“That was all me,” Wheeler said. “I had a little bit of a bad day yesterday, and sent one a little high and tight at Benny. I thought it was great. If it were me in his position I would have gone after whoever did it too. I love playing with guys who are competitive. I think that’s the spirit of our team. We’re competitive in every practice. Sometimes those things are going to boil over a little bit. But pretty much after it happened we hugged it out in the room. The boys have been laughing about it for the last 24 hours or so though.”
Although the Jets’ captain avoided media following Saturday’s incident, he took full responsibility for his actions on Sunday, and offered sincere words about his teammate, Chiarot.
“Like i said, we hugged it out in the room pretty much right after it happened,” Wheeler said. “I think people made him out to be the villain, but it was all me. It was over with pretty quick.”
Ben Chiarot was also very quick to push aside Saturday’s scrum.
“It was two guys battling in practice – that’s going to happen,” said Chiarot. “I don’t even remember how it started. It’s just boys being boys. A scuffle in practice? They happen all the time. Tempers get up. Intensity in practice is always a good thing and that’s something we’re trying to bring here before the playoffs. I look at it as a good thing.”
“I’m around these guys more than I’m around my own wife and kids,” Wheeler added. “At a certain point of time, even if it’s things you guys don’t see. Maybe a joke goes too far, a chirp goes too far… those things happen. At the end of the day, we’re all boys. The roughhousing happens sometimes. Unfortunately, it happens around media cameras, but that’s life.”
Following Saturday’s skirmish, popular Instagram page NHL.Discussion posted a poll asking if fights in practice are beneficial or detrimental to team success. Interestingly enough, the vote (featuring over 19,000 followers) was split almost exactly 50/50, with 9,724 participants suggesting that a dust up in practice can be good, while 9,729 voted that rifts between teammates are not helpful.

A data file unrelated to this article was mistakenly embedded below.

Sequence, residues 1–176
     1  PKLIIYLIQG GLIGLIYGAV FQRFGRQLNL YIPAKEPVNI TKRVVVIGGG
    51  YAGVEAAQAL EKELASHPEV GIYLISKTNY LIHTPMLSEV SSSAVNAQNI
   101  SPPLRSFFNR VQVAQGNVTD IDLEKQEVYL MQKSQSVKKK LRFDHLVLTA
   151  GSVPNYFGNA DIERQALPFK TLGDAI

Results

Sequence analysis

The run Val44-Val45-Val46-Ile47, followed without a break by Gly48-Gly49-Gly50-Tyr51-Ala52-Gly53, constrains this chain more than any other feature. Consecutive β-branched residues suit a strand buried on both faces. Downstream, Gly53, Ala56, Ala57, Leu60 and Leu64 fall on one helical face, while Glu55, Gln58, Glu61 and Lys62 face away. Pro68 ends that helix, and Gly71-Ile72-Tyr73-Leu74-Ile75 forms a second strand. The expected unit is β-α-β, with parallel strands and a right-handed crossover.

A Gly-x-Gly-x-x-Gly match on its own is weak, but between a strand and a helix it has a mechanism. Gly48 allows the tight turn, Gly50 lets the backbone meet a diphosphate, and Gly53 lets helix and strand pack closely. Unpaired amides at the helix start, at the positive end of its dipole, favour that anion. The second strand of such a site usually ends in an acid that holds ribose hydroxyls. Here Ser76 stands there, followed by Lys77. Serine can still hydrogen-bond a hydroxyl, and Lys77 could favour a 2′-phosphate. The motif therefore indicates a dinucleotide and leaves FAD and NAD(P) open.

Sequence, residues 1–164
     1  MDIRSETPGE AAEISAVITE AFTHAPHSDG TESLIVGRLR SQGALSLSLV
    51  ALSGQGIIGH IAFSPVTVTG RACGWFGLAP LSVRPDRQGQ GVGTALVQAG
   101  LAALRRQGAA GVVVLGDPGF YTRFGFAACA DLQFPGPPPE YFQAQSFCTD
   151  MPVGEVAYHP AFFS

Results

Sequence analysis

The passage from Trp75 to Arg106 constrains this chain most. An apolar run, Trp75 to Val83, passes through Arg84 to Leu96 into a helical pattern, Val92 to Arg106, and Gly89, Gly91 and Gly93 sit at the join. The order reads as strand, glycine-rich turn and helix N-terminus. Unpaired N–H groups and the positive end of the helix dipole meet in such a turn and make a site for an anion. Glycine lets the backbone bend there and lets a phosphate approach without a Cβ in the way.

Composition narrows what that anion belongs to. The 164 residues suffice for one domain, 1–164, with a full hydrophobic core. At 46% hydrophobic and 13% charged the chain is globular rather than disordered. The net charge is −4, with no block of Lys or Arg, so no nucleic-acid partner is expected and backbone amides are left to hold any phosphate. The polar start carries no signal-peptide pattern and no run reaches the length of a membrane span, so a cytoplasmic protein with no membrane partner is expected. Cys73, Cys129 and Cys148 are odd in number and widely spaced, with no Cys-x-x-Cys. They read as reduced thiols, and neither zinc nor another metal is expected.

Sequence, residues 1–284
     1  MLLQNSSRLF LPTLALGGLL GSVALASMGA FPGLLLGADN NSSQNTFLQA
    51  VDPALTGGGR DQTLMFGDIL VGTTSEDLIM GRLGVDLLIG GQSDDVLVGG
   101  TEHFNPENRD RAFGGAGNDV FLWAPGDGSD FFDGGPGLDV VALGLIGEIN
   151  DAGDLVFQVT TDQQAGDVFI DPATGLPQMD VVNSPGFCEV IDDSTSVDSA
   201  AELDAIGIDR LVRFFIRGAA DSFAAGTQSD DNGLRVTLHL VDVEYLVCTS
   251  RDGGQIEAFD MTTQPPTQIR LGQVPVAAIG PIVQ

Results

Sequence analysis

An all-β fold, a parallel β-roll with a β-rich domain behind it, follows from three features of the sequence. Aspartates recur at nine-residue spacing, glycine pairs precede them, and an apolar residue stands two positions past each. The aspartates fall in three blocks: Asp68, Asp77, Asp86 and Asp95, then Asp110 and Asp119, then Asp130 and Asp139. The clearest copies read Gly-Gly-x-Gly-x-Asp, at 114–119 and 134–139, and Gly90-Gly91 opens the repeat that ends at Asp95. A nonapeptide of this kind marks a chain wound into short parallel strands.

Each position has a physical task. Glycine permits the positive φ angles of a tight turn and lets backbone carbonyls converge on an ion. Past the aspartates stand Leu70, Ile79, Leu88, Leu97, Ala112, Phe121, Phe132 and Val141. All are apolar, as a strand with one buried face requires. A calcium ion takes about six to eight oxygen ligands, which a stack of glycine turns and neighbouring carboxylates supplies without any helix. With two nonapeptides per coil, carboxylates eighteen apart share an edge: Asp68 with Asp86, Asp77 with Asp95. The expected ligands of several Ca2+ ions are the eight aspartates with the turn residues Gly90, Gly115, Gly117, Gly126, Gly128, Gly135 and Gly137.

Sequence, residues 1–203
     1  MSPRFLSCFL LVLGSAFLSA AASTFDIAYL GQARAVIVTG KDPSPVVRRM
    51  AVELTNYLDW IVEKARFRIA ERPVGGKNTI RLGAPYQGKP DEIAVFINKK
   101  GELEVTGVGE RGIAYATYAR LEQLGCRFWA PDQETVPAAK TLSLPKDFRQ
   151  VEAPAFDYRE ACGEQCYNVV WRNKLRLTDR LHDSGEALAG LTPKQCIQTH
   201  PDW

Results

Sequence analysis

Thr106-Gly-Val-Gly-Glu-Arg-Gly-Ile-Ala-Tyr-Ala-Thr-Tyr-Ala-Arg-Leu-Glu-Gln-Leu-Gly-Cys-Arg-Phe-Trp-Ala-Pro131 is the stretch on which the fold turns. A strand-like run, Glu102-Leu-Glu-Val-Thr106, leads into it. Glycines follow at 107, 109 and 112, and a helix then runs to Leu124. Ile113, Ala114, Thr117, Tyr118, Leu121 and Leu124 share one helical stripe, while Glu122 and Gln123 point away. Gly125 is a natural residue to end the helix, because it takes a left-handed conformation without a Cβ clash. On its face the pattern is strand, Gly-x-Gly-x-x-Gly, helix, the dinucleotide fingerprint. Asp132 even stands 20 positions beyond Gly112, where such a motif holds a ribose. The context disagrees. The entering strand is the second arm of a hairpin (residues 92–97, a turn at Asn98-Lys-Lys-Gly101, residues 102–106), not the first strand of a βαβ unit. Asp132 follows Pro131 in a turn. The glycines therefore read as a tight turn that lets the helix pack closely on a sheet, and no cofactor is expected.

Of the voters, nearly 92 percent of NHL, AHL, CHL and NCAA players voted that fights in practice were beneficial.
“It’s a fine line,” the Jets’ captain said. “You don’t get that in practice very often, once in a while it happens. We have a really competitive group; it’s what’s made our team good this year. That’s why after a loss or two, you’ll see us play our best hockey. Practice is the same way, we try to use every practice to get better. Sometimes that’s going to spill over a little bit.”
If Sunday’s tilt with the visiting Nashville Predators goes the way that Winnipeg wants it, the Jets could clinch their spot in the Stanley Cup Playoffs as early as Sunday evening. Two playoff scenarios present themselves. The Jets are in if they win Sunday night against Nashville, or if they collect one point against the Predators and the Edmonton Oilers beat the Anaheim Ducks in their game.
Winnipeg also has the chance narrow the gap between themselves and Nashville to four points with a victory in regulation time Sunday. Patrik Laine trails Alex Ovechkin by one goal for the league lead, and should be firing on all cylinders again Sunday.
The National Champion University of Manitoba Bisons women’s hockey team will be on the ice prior to the national anthems and recognized for winning the national title in U-Sports women’s hockey.
Puckdrop from Bell MTS Place is set for 6:15 P.M. local time.
By Carter Brooks
Photo by Will Borys